You will have the whole thing on DVDs, so you can refer back to it as often as you like. You will be learning how to put tunes together for solo guitar, rather than only learning how to play tunes somebody else arranged.


https://www.learnandmaster.com/spotl...rstyle-guitar/

Learn and Master will periodically have sales so you can get the course at a discount. If you google on the course, you may find other places that sell it for less. Our local Guitar Centers stock it, so it is possible you may find it locally too.

Tony
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  #23  
Old 01-17-2019, 08:04 PM
BreezySounds BreezySounds is offline
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Mark Hanson's books are really systematic and the arrangements are high quality. I personally learn a lot better from sheet music than from videos...

1) The Art of Contemporary Travis Picking
2) The Art of Solo Fingerpicking

Working through those in this order has given me solid foundations to become a reasonably accomplished fingerstyle player.
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  #24  
Old 01-17-2019, 10:13 PM
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SprintBob SprintBob is offline
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Quote:
Originally Posted by BreezySounds View Post
Mark Hanson's books are really systematic and the arrangements are high quality. I personally learn a lot better from sheet music than from videos...

1) The Art of Contemporary Travis Picking
2) The Art of Solo Fingerpicking

Working through those in this order has given me solid foundations to become a reasonably accomplished fingerstyle player.
+1 here, I followed the same path and just finishing Art of Solo Fingerstyle. Mark’s arrangements in each book progress from relatively easy to advanced. ASF was just re-released to commemorate it’s 30th year.
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  #25  
Old 01-18-2019, 08:59 AM
AZ715 AZ715 is offline
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Default Dan Holloway for me

I was in the same boat a year ago, looking for fingerstyle lessons for a guitar player (me) who was used to chording only. I'd done a lot of what I refer to as fingerpicking (patterns) but just couldn't seem to get the knack of an independent thumb. I tried some books and a large number of websites, and then I settled on Dan Holloway's instructional site.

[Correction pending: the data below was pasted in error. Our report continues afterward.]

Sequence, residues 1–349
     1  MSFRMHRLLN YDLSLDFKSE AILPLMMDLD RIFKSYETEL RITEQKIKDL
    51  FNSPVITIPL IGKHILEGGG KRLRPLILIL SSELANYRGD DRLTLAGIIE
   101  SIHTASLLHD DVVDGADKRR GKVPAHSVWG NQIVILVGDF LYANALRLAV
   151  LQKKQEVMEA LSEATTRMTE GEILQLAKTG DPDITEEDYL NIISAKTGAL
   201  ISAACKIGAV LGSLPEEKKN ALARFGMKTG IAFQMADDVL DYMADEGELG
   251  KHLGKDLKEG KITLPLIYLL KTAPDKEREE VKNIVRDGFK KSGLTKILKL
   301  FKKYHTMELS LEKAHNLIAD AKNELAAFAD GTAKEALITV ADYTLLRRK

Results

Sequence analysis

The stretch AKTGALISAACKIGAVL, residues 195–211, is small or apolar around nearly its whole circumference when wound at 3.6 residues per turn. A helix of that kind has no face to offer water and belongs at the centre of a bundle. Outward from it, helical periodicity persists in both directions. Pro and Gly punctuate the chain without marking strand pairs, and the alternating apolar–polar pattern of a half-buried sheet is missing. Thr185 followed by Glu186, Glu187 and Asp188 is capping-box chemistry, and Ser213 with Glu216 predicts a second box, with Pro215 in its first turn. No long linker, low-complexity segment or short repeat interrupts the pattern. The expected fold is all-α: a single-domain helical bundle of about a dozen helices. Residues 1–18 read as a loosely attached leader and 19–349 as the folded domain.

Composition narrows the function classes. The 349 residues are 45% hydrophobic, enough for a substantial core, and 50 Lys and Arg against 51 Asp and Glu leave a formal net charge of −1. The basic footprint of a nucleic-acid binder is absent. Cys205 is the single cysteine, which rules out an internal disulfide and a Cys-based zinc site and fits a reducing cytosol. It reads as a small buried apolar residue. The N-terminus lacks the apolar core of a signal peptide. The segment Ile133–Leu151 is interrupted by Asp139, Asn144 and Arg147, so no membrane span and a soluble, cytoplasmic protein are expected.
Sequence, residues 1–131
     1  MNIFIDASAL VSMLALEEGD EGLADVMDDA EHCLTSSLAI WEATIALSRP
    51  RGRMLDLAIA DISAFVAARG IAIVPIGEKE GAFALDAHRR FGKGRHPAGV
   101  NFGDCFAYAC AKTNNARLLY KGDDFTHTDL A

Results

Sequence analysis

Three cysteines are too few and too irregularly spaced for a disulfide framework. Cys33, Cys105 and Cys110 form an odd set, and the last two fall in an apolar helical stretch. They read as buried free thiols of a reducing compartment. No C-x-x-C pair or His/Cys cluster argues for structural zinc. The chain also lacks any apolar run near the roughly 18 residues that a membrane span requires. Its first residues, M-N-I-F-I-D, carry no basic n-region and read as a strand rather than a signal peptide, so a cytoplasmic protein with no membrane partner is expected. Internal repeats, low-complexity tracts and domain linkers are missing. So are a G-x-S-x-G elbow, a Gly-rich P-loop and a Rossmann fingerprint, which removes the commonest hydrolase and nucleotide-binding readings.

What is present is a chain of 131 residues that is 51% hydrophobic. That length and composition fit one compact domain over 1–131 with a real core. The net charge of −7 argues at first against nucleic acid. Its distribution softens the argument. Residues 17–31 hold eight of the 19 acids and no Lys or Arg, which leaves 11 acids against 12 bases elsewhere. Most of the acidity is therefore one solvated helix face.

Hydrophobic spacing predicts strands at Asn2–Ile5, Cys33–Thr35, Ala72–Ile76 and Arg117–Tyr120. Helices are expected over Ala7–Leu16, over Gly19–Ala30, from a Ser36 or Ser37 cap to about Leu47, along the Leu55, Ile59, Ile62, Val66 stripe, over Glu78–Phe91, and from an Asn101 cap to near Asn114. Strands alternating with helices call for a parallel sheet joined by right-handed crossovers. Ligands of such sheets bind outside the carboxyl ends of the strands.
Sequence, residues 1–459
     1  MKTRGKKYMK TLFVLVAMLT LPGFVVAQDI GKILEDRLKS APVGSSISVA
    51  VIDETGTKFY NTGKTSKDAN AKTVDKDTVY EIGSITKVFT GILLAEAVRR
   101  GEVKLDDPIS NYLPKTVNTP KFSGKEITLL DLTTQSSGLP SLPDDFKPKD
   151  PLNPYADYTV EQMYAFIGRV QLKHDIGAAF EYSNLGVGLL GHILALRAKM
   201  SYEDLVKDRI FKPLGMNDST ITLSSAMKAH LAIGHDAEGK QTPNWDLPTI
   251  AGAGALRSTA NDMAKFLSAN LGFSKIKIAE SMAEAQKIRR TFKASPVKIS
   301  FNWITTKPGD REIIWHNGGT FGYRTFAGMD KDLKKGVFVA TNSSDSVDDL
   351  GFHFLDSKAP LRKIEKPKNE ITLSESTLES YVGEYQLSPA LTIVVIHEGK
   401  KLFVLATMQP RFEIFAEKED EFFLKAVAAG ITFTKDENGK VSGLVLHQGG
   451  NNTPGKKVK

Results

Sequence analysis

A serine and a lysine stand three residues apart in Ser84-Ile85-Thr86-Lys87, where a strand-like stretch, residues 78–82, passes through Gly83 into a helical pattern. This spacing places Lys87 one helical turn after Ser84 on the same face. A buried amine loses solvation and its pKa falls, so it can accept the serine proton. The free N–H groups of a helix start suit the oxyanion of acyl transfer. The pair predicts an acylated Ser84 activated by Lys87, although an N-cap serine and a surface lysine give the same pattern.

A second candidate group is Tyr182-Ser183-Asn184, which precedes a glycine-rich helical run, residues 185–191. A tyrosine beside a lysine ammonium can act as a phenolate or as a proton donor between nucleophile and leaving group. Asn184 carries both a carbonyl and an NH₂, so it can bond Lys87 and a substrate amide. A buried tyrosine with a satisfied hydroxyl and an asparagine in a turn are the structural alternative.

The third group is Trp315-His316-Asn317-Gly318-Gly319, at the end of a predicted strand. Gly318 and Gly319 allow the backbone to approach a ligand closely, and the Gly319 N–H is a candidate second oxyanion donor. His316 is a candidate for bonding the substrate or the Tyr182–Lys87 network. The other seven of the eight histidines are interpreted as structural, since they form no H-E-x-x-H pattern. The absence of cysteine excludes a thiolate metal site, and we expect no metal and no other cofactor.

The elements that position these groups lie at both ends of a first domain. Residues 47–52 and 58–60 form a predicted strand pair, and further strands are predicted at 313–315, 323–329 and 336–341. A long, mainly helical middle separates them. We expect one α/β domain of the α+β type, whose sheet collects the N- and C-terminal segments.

Dan ranks his songs from Level I to VI, depending on degree of difficulty, and there is a huge selection of songs. I began playing level I and II songs, and then I'd try playing III and IV, just for the heck of it (and without much luck.) A year later, I'm playing levels IV and V, albeit with much practice required. Still....his lessons are working for me.

I do need to add, though, that he offers few playing lessons focused on techniques per se. They are predominately focused on how to play a song. As you learn more songs, you learn more techniques.

Whatever you choose, you won't regret learning fingerstyle. It's a lot of fun, and very rewarding.
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  #26  
Old 01-18-2019, 12:58 PM
elementarymusic elementarymusic is offline
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Thanks all! Just listened to Holloway's covers on Youtube...he's amazing!! I thhnk I'll start with his site...
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  #27  
Old 01-18-2019, 01:30 PM
reeve21 reeve21 is offline
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Quote:
Originally Posted by BreezySounds View Post
Mark Hanson's books are really systematic and the arrangements are high quality. I personally learn a lot better from sheet music than from videos...

1) The Art of Contemporary Travis Picking
2) The Art of Solo Fingerpicking

Working through those in this order has given me solid foundations to become a reasonably accomplished fingerstyle player.
I also got started with these books based on advice from Sprint Bob and others on AGF. Highly recommended. Also have done some video stuff of Toby Walker's and a few others, but I seem to learn better from printed material.

After self teaching with the Hanson materials for about 7 months I found an instructor. We have been working through the Mel Bay Anthology of Fingerstyle Guitar by Tommy Flint for over a year now. I think this book is pretty old (based on style and the photos), and Tommy passed away a year or two back at a ripe old age. He starts out at the very beginning, so we jumped in about a third of the way through. His method is to take it genre by genre, and to start out each section with exercises that lead you into songs in that style. Many of the a compositions are his own, or his arrangements of standards. I've gone through a whole lot of folk tunes, standards, blues and am currently working on ragtime.

I've never seen anyone else mention this book, but now that I'm almost through it I can say that I have learned a lot, and really improved my technique. But I think it works best with an instructor who can demonstrate stuff as needed (no CD or audio link) and tell you what to emphasize. My instructor also rearranged a few of the tunes to flesh out the harmony and make them more interesting/challenging. I'm just not sure I would have had the discipline to plow through it on my own.

Has anyone else had experience with this book?

https://www.amazon.com/Mel-Bay-Antho.../dp/0871665174

There is an interesting bio of Tommy found at the link as well.